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accomplished here. >> reporter: he was speaking with african heads of state at the g-8 summit and gave them a stern message. >> it was interest. he talked about how, as a descendant of kenyans, he knew the effect of colonialism, and the exploitation of the west. his grandfather was called boy until his death, his father. then, he turned, my cousin in kenya can't gea job without paying a bribe. you can't blame all of the problems on african, on the historical legacy of colonialism. the g-8 is not requiring bribes. you can't blame the west for what's happened to zimbabwe's economy in the last decade. it's a dollop of tough love for >> do you get a sense, jake, that only the son of an africa, can this u.s. president deliver that stern message? >> i think there's a nixon can go to china, is who he is, he the be tougher with these
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leaders publicly and privately, than somebody with a different heritage, absolutely. >> the measure of and thuz yachl for this visit. on the state evening news last night, the anchor was wearing a barack obama dress. >> of course. jake, ron, thanks for reporting from there. now, for a look at the other top headlines, normally i would turn to ron. he's there. but david wright is here. >> thanks. a dramatic scene on the tarmac at phoenix last night, as hundreds of passengers were evacuated from a british airways 747 just before takeoff. nearly 300 passengers and crew members used the emergency slides to evacuate the plane that had already pulled away from the gate for the brief flight to london, when the cabin filled with smoke. >> oh, yeah. it was very smoky. and very hot. and within a few minute, we had to evacuate. >> about 15 people suffered minor injuries. and one person was sent to the hospital. the suburban chicago cemetery at the center of a grave-robbing scandal is now
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being considered a crime scene. investigators closed the histic graveyard, after family members looking for aners, found more human bones that had been dug up. abc's barbara pinto has more. >> reporter: a growing crowd of grieving and angry family members came all searching for information about their loved ones. >> i want to know where dr. joseph hall is. i want to know elijah hall is. i want to know where my family is. their souls are not resting in peace. >> reporter: authorities alleged that a handful of cemetery workers here orchestrated an unspeakable scam. digging up an estimated 300 gravesites. dumping the bodies in an unused part of the property. then, reselling the plots for cash. >> people have gone to gravesites where the headstones are gone. people have gone to gravesite where's a different person is there. >> reporter: erica buried her daughter 12 years ago. she was horrified to know that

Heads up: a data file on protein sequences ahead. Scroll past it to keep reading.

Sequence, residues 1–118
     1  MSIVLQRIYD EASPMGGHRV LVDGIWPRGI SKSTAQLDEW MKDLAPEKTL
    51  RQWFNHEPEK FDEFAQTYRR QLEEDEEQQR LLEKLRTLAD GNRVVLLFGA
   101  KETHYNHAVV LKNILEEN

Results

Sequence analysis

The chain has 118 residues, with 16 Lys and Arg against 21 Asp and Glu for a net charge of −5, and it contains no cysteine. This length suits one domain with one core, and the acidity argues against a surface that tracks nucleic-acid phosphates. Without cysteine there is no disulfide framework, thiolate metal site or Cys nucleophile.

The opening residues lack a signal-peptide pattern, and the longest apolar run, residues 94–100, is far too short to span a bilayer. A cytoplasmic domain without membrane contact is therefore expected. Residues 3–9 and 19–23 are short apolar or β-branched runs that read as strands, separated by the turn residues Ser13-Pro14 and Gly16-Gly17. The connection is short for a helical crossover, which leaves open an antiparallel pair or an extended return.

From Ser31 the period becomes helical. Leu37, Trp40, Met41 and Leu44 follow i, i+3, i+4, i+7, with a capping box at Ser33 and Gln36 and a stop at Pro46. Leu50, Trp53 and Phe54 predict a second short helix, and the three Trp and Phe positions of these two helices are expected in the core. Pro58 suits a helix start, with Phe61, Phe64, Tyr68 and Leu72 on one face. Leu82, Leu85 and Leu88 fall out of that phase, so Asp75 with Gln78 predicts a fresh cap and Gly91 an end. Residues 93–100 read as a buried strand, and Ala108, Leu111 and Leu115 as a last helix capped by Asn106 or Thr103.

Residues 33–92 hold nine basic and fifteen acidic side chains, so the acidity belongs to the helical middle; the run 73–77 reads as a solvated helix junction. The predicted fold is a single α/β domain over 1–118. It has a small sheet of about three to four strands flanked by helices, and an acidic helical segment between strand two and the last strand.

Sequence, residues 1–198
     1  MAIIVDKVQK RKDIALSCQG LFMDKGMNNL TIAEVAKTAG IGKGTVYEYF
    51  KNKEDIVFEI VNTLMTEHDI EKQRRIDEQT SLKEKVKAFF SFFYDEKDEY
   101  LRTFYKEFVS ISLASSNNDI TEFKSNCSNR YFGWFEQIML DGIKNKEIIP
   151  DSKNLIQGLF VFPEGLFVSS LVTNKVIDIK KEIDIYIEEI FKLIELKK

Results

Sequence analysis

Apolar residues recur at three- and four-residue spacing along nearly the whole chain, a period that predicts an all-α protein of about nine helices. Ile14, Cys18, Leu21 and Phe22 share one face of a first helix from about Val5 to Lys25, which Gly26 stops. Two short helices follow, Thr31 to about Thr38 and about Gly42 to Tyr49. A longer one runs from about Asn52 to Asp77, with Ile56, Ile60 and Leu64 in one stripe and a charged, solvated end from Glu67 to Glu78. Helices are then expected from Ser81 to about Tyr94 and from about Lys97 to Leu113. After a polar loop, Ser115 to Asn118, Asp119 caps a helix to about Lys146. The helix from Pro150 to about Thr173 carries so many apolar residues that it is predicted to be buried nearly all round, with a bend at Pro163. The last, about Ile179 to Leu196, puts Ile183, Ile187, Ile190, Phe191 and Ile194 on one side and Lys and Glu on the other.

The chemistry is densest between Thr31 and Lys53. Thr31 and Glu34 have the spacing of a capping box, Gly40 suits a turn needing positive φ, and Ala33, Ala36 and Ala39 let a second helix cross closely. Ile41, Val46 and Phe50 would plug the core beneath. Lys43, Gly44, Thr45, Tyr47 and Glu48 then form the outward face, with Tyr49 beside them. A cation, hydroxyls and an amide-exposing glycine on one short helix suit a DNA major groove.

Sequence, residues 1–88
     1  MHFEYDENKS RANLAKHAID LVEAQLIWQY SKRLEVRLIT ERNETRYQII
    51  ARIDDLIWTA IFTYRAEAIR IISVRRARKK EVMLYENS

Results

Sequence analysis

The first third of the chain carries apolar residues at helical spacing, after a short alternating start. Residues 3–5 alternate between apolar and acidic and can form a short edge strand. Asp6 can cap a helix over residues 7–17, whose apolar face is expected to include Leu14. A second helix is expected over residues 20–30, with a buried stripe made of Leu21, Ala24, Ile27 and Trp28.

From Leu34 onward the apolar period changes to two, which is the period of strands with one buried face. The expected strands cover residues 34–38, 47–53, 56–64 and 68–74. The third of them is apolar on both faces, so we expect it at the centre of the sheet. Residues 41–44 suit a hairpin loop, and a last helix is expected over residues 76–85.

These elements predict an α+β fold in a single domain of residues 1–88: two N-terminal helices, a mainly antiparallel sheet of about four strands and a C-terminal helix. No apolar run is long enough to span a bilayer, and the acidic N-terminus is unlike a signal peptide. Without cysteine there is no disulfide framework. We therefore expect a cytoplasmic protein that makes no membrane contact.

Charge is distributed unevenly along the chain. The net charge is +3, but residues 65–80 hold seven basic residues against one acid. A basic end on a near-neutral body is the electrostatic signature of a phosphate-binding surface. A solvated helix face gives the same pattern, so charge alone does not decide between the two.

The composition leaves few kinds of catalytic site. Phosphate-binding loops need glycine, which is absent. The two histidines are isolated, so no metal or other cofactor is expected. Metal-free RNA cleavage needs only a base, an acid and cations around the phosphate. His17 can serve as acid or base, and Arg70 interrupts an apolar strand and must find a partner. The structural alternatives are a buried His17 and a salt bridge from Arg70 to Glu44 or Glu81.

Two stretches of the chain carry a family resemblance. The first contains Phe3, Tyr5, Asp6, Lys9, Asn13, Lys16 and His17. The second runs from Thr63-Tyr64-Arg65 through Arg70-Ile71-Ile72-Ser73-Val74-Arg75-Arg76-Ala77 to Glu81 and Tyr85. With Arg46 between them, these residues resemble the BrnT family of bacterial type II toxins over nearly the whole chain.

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the baby's headstones and remains was missing. >> i visited my child faithfully. now, there's nothing of her. nowhere. >> reporter: prosecutors filed felony charges against the cemetery's manager and three workers. >> there should be no bail for these graveyard thieves. they deserve a special place in hell. >> reporter: burr oak was chicago's first african-american cemetery. it's the final resting place for emmett till, whose death helped spark the trifl rights movement. investigators found his glass-topped casket in a shed. his new burial site was untouched. sadly, that is not the case here for so many families, including kimberly hall's. >> we want to rest with our families. i want to be next to my daddy. i can't be with my daddy no more. >> reporter: for "good morning america," barbara pinto, abc news. a new congressional report says the bush administration's
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domestic surveillance program was far larger than a warrantly wiretapping operation. although details of e program have not been revealed. not enough high-level officials ew the size and depth of the program. lance armstrong could gain ground in the tour de france during a mountain stage. he's just eight seconds behind the leader ithird place. we'll have more on armstrong's quest for an eighth victory, coming up later in the broadcast. finally, the old guard is finding new ways to commicate. queen elizabeth already has websitd ana youtube channel. now, buckingham palace has set up a twitter account. her majesty's user name is atbritishmonarchy, one word. she twitters a lot about the changing of the guard. >> i guess it gets really hard. >> lol. >> the queen is tweeting herself? >> i don't think so. i think one tweets -- one has